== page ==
If a nation's readiness to plug into the global economy is gauged by how many
of its college students are studying international business, China must be the
Next year, there will be more than 100,000 college graduates, or around 2.5
per cent of the nation's total, majoring in business management, international
trade and economics.
But at a time when many new graduates are having a hard time finding jobs in
these fields, some educators are wondering whether it's really necessary to have
so many young people studying international business.
And if not, then what subjects should they choose or, as the practice in most
cases, should parents be choosing for their children?
Chen Xi, 18, is among those who sat for the national college entrance exam in
early June; and her parents want her to major in international trade, even
though she hardly has any idea what it entails.
For years, majors such as international trade, business administration and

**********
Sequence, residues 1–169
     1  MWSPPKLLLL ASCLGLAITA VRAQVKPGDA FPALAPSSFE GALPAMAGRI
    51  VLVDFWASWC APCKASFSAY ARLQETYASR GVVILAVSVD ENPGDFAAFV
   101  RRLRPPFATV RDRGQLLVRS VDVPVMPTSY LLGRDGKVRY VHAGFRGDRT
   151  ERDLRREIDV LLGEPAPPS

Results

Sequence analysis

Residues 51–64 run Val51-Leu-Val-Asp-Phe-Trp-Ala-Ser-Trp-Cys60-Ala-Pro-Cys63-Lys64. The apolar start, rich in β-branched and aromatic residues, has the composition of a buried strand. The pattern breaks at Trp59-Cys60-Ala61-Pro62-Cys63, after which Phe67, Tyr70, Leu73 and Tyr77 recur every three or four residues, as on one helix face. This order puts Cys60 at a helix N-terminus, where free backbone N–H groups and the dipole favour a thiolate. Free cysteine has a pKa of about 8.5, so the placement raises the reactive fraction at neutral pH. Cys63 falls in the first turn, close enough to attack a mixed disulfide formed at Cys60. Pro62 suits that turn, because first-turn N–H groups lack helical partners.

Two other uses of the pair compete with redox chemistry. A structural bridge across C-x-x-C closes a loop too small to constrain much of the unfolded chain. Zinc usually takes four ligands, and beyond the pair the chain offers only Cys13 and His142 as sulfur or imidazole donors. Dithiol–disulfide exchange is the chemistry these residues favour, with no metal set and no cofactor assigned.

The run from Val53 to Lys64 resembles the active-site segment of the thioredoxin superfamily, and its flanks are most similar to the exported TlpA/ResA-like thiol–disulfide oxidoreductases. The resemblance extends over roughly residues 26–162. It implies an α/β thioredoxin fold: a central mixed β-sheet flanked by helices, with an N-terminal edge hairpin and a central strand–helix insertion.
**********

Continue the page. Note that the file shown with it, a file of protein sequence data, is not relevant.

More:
economics have been popular among senior middle school graduates and their
Most of them were attracted to those majors based on a vague notion that job
prospects are more lucrative than others, though reality upon graduation can be
vastly different from expectation.
In fact, according to an online survey conducted in June by China Youth Daily
and the Internet portal Sina.com, 4,600 respondents rated Chinese, international
politics, law, business, computer science and economics as the top fields where
graduates face the toughest job market. Quite often, these students end up
getting jobs that have nothing to do with their majors.
When Xu Wenjing entered Xi'an International Studies University to study
international trade, she thought she was lucky. But when she left college in
2001, she could not get a satisfactory job offer that matched her major and
started a career as an English teacher.
"Companies only recruit people with experience," Xu said. "A new college
graduate can hardly be part of that game."
The strange phenomenon is that though parents know there are not enough jobs
for business graduates, they still push their children into those majors.